const int analogInPin1 = A4;
const int analogInPin2 = A5;
int potValue = 0;
int resistorValue = 0;
int redLed = 8;
int greenLed = 12;

void setup()
{
  pinMode(redLed, OUTPUT);
  pinMode(greenLed, OUTPUT);
  pinMode(analogInPin1, INPUT);
  pinMode(analogInPin2, INPUT);
}

void loop()
{
  potValue = analogRead(A4);
  resistorValue = analogRead(A5);
  if (potValue <= resistorValue * 0.9 && potValue >= resistorValue * 1.1)
    digitalWrite(redLed, HIGH);
  else digitalWrite(redLed, LOW);
  if (potValue >= resistorValue * 0.9 && potValue <= resistorValue * 1.1)
    digitalWrite(greenLed, HIGH);
  else digitalWrite(greenLed, LOW);
}

Note that I have also Auto formatted the code as well as posting it inside code tags. See how much easier it is to read and copy for examination

Oh I had no idea that was a feature, I'm pretty new to this

Click the icon that looks like </>.

const int analogInPin1 = A4;
const int analogInPin2 = A5;
int potValue = 0;
int resistorValue = 0;
int redLed = 8;
int greenLed = 12;

A couple of hints - Use the Serial Monitor to "print" the analog values (like the Analog Read Serial example).

And maybe show us your schematic. The Arduino can't directly read a resistor, it can only read voltage. With a pot connected like the Analog Read Serial example, the pot becomes a (variable)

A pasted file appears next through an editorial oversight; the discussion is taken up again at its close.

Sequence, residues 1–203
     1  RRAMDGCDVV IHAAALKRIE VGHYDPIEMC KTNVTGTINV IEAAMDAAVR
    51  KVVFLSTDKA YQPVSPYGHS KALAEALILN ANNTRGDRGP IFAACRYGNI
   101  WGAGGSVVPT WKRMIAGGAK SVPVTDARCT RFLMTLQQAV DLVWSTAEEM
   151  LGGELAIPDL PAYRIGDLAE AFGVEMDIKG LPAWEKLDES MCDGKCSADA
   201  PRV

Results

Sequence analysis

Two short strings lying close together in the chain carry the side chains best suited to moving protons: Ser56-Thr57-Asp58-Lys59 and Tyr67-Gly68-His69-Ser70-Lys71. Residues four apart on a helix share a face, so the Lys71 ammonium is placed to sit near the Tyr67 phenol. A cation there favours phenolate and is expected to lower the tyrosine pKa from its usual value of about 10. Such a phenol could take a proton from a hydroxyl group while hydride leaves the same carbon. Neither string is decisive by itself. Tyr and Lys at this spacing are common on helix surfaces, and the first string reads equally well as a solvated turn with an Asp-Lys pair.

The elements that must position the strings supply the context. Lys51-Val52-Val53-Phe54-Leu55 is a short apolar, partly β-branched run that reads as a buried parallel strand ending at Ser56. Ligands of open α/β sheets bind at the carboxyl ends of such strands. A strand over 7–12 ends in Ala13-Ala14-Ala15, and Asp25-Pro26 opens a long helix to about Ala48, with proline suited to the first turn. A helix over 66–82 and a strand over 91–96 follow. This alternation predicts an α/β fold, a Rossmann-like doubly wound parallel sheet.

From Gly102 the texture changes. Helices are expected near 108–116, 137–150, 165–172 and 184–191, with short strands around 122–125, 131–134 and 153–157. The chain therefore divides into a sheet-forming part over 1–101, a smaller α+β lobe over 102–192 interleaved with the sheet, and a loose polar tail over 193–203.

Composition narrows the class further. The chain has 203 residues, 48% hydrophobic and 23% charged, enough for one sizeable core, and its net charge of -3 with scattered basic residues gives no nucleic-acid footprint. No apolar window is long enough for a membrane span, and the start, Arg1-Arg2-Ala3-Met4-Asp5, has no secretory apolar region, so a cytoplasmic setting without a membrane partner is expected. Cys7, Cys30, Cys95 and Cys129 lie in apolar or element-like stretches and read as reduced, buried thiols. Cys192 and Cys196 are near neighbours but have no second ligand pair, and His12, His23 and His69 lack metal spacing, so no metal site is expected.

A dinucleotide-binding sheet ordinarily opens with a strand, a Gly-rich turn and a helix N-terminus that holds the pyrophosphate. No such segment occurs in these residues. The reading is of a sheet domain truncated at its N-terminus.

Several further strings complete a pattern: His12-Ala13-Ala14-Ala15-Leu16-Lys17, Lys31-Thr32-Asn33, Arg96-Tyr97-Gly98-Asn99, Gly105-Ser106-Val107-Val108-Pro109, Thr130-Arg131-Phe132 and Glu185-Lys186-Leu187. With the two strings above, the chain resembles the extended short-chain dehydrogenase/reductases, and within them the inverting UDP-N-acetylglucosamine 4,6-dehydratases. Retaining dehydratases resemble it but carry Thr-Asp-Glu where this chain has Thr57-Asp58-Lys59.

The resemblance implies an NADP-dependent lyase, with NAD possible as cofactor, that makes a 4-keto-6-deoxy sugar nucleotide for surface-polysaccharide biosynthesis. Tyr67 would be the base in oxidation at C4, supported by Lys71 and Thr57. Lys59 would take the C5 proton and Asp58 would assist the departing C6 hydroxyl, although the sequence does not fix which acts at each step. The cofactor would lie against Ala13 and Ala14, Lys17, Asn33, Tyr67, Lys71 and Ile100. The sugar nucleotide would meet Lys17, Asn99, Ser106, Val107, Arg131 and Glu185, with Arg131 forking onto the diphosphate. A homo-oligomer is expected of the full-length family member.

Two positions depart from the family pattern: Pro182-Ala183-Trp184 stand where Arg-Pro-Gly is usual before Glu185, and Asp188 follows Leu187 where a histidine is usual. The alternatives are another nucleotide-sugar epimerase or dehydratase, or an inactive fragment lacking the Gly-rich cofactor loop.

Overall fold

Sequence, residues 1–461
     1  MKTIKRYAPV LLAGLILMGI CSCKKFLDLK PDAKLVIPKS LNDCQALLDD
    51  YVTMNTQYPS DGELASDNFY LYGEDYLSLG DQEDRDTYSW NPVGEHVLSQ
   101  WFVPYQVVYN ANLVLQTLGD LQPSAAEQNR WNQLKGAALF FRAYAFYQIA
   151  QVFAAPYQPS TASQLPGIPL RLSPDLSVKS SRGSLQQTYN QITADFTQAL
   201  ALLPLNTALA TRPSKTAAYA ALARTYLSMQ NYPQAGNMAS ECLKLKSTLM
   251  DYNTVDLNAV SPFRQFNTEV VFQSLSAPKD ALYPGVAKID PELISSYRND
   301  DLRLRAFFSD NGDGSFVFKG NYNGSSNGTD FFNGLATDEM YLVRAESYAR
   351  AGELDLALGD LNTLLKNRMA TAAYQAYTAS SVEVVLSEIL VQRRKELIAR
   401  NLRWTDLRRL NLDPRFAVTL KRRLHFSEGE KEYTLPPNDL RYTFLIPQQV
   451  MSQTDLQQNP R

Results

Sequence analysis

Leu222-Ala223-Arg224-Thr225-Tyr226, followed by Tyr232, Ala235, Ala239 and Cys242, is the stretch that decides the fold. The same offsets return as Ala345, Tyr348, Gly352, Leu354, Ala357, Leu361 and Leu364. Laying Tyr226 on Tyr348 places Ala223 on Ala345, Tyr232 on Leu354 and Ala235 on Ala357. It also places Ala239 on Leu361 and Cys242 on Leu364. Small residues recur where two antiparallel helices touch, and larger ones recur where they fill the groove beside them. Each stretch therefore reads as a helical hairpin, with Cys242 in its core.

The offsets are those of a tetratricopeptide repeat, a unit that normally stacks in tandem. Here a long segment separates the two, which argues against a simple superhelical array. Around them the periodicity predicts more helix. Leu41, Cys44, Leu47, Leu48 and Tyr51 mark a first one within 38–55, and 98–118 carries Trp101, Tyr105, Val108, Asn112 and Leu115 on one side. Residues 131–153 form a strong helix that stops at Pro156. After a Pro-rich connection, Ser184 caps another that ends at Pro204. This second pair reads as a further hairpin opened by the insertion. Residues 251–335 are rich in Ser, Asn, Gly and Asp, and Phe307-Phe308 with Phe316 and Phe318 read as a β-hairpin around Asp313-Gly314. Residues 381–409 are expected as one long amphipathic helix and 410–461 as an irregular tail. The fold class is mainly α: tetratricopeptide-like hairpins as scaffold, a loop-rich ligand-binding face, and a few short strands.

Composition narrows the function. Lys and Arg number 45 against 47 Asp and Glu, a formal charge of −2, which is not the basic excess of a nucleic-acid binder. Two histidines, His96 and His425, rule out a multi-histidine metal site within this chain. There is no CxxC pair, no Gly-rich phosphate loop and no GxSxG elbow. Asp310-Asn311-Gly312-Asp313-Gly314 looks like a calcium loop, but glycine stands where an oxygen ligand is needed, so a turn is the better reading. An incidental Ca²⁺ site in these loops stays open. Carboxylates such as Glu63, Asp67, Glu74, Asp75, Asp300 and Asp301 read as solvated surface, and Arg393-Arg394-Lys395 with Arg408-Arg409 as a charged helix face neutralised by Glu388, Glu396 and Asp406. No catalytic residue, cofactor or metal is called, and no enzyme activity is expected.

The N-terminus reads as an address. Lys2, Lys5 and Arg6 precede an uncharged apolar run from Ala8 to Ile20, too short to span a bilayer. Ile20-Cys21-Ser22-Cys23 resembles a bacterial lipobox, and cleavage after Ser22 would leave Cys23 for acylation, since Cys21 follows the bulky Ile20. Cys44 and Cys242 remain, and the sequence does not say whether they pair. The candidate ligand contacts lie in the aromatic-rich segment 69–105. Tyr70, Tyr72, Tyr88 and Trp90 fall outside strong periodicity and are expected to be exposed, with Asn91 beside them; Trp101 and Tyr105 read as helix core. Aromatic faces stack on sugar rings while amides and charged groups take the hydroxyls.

Voltage Divider. You'll need an additional known resistor in series with your unknown resistor to make another voltage divider.

P.S.
Since a voltage divider gives you a voltage proportional to the resistance ratio, the percentage voltage change isn't the same as the percentage resistance change... You can work that out from your voltage divider calculations...

"resistance of the pot" - but on which terminals? The fixed resistance, or wiper resistance?

Fixed resistance

What range of resistances do you need to cover?

You only need to use the "and" condition for the in spec comparison when both things need to be true. The "or" is correct for the out of range when only one thing needs to be true.

if(potValue <= resistorValue * 0.9  ||  potValue >= resistorValue * 1.1) 
    digitalWrite(redLed, HIGH);
  else digitalWrite(redLed, LOW);
  
  if(potValue >= resistorValue * 0.9 && potValue <= resistorValue * 1.1) 
    digitalWrite(greenLed, HIGH);
  else digitalWrite(greenLed, LOW);

All the other comments about printing the analogRead() values and working with the resistor network are very relevant. Having the correct comparison code will only work if you correct values.

(to OP) Yes, reading the reference resistor is a suspicious bit of code. It suggests that your circuit is not designed properly.

I can't understand why noone done the obvious thing and eliminated one of the if's - they are the same condition, with opposite sense, so you only need to calculate one of them.

  bool different = potValue <= resistorValue * 0.9  ||  potValue >= resistorValue * 1.1 ;
  digitalWrite (redLed, different) ;
  digitalWrite (greenLed, ! different) ;

Simple, no chance of introducing a bug by getting the two conditions not-quite opposite (for instance cattledog's answer still has a bug since <= is not the opposite of >=)